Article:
STEVE CASTANEDA: Maureen, first of all thank you for having us. I really appreciate the opportunity to talk to the voters. We just have a little bit more than a week left and I want to do this, I want to send out a happy birthday to my two-year-old son Rocco. It is his two-year-old birthday today so it's kind of been put on hold while the campaign moves forward and I think we will celebrate next week. I'm running because I want to give voters a choice. I think while we are both Democrats, we supported each other at times, but, there is a clear fundamental choice in terms of time spent in the district, track records, backgrounds and things accomplished. As a two-term city councilmember, I've had a lot of opportunity to make decisions and subsidy San Diego that I'm proud of. In fact I was watching him walking and subsidy San Diego urinary I've never presented before. Just this week and and I knocked on a resident store and he talked about wanting to vote for me because he followed Chula Vista and he thought we did a good job with the administration and making sure we did the things for the citizens and he'd like to see me do that for him and his neighbors in Sacramento.

MAUREEN CAVANAUGH: Thank you Steve. And Lorena, why are you running for the District seat?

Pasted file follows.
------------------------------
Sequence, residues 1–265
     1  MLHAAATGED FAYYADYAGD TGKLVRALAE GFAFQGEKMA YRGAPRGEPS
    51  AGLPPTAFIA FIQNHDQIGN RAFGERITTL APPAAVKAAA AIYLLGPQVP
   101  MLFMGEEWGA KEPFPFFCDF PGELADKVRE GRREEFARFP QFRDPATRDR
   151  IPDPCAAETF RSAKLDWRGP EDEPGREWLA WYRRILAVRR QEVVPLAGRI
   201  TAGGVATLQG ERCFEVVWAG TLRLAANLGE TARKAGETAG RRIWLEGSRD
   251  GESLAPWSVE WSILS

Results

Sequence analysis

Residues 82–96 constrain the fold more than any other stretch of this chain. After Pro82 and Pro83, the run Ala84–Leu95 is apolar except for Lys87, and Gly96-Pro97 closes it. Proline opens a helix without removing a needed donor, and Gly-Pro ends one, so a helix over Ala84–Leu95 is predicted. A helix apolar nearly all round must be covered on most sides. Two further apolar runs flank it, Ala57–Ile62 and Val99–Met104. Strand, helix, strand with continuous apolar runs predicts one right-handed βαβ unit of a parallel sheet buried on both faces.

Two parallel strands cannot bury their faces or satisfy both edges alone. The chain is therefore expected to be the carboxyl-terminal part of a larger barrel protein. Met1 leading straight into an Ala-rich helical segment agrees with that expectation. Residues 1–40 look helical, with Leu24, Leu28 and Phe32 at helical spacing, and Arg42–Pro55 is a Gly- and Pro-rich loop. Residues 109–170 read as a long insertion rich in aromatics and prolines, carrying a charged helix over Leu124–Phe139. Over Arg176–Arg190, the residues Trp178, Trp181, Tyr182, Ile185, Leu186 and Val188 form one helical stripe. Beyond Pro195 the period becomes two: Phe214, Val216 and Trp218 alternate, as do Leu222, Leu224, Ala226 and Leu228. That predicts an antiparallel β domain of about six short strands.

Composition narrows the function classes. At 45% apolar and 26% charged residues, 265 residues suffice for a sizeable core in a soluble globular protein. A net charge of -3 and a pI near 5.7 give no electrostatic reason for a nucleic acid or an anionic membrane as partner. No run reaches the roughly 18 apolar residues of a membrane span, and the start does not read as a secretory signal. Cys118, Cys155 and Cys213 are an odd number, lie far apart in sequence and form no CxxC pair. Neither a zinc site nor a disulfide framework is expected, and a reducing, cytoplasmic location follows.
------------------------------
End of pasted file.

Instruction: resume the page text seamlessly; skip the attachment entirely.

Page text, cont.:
LORENA GONZALEZ: I've been working for my entire professional life and 80th district. It started right out of UCLA Law school and was working for the lieutenant governor and city and state land commission by ensuring that the South Bay wildlife refuge one was preserved. I advocated on behalf of the environment to the South Bay decommissioning the Chula Vista powerplant and then of course came back home and advocated for workers throughout the South Bay and throughout San Diego County, but particularly the workers who come from working-class backgrounds who need just a living wage, one healthcare, I've been doing that my entire adult life and I want to advocate for more jobs. I think 80th assembly District more than other places in the state but California in general need good, quality jobs that provide healthcare, that provide people with a self-sustaining region I think I can do that by becoming the first assemblywoman in a while.

MAUREEN CAVANAUGH: Now, Lorena, you may have touched on this big issue question I'm going to ask you, but I will ask you both, first, Lorena, what is the biggest issue or some of the biggest issues you see for they 80th district, is a jobs?

LORENA GONZALEZ: I think jobs is the biggest issue for the state of California, but definitely they 80th district. We have some of the last prime industrial is zoned land. That's not developed that could provide tens of thousands of jobs for people who live in 80th assembly District area now type. What we need is a broad look at the tax code and ways of reforming the tax code to incentivize and really ensure that there is infrastructure, to ensure that the roads, pipes, electricity in an area that private development could go in and create the kind of jobs that we want. So one of the reasons I'm excited and hope to go to Sacramento is to look at the tax code, look at the incentive structure that we've been given away often to the type of jobs that we don't need or want to create and instead direct that toward an ability to grow. The middle-class in an area that definitely needs it.